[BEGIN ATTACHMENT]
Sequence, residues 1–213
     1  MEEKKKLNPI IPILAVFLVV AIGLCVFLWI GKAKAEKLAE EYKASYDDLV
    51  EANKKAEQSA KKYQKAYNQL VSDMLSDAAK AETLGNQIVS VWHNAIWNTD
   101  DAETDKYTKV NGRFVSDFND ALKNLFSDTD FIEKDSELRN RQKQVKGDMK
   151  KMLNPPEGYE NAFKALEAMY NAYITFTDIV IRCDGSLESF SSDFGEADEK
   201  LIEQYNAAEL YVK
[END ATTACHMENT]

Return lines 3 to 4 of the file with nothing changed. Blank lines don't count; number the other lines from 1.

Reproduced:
    51  EANKKAEQSA KKYQKAYNQL VSDMLSDAAK AETLGNQIVS VWHNAIWNTD
   101  DAETDKYTKV NGRFVSDFND ALKNLFSDTD FIEKDSELRN RQKQVKGDMK